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Just-the-basics budget will help state reach economic balance

Good thing Indiana budget prognosticators weren’t in charge of weather forecasts in recent months. Hoosiers would have been caught totally off guard for hazardous weather. As it is, they’re left to cope with the effects of revenue forecasts that were too rosy.

The tax collection shortfall for February of $54 million digs the state deeper into a budget hole for the current fiscal year, which ends June 30. Collections have fallen below projections for six of the last eight months, leaving the state nearly $90 million behind where it needs to be to meet budget obligations.

Gov. Mike Pence promised the administration will conserve resources “in a way that preserves Indiana’s fiscal integrity.” The state’s consistently underwhelming economic performance, however, should be a warning to Pence and Indiana lawmakers that this is not the time to deliver on legislative wish lists.

Even though the General Assembly isn’t currently in a budget-year session, numerous proposals have costs attached.

The governor’s preschool pilot program, as proposed in a House bill, would have provided vouchers for 1,000 4-year-olds. The Senate eliminated the pilot in favor of a commission to study early-learning programs, but Senate President Pro Tem David Long said last week that he still hoped some small pilot program could be created this year.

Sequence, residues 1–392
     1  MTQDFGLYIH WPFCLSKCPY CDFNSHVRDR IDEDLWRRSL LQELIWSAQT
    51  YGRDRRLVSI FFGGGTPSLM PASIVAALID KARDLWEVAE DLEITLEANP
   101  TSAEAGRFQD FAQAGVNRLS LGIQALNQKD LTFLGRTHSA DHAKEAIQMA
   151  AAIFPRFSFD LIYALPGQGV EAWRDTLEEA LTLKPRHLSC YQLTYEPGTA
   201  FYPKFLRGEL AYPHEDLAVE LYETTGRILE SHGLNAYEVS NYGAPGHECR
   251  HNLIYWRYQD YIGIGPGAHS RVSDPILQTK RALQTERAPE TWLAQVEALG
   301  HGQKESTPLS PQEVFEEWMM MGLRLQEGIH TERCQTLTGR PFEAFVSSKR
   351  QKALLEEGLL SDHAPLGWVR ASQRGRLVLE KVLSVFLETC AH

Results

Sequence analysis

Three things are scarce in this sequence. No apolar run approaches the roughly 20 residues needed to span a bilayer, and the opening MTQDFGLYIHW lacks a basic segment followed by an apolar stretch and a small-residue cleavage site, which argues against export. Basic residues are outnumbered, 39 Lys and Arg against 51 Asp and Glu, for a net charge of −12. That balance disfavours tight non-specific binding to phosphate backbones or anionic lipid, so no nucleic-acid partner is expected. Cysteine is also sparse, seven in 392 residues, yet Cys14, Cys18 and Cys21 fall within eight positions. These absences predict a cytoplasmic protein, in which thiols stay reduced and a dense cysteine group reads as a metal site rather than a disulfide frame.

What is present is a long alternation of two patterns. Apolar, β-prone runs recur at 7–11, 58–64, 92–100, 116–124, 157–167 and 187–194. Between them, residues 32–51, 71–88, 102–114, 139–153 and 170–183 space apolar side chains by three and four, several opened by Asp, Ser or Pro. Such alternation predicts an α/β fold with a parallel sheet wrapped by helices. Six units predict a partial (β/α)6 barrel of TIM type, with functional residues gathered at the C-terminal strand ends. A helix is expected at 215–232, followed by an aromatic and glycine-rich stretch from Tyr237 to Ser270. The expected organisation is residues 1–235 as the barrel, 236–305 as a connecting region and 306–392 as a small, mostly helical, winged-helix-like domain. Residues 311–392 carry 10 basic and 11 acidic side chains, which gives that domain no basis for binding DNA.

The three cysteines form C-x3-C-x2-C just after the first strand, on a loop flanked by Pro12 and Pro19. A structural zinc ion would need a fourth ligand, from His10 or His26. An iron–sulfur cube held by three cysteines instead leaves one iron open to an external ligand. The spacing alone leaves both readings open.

There’s no need to spend money. If lawmakers want to observe an early-learning program, they can look to the successful preschool program Fort Wayne Community Schools has been providing for many years out of federal Title I funds. Unless the real intent is to spend state money on church-based programs, years of data on quality pre-K and its effectiveness already exist.

Likewise, the push to eliminate the business personal property tax is one that should wait until tax collections improve. The governor’s initial proposal would have cost schools and local units of government $1 billon a year in lost revenue.

The easiest call is to throw out legislation to require drug testing of some welfare recipients. States that have attempted such programs have spent far more than they have saved in denied benefits. The nonpartisan Legislative Services Agency estimates Indiana would spend $1.18 million to save $521,000 over two years in testing welfare recipients.

New spending and tax cuts must wait until state officials have a better handle on collections. The same forecasters who overpromised on monthly collections told lawmakers in December that the state was on track to collect roughly $298 million less than estimated through June of 2015.

Indiana’s heavy dependence on its 7 percent sales tax and competition from casinos in neighboring states could eventually threaten its capability to provide basic services.

An election year might serve incumbent legislators well in serving up tax cuts and new programs. But Hoosiers overall would be better served by on-target collections to support existing services. In the 2015 biennial budget session, lawmakers can decide if Indiana has the right mix of taxes and investment.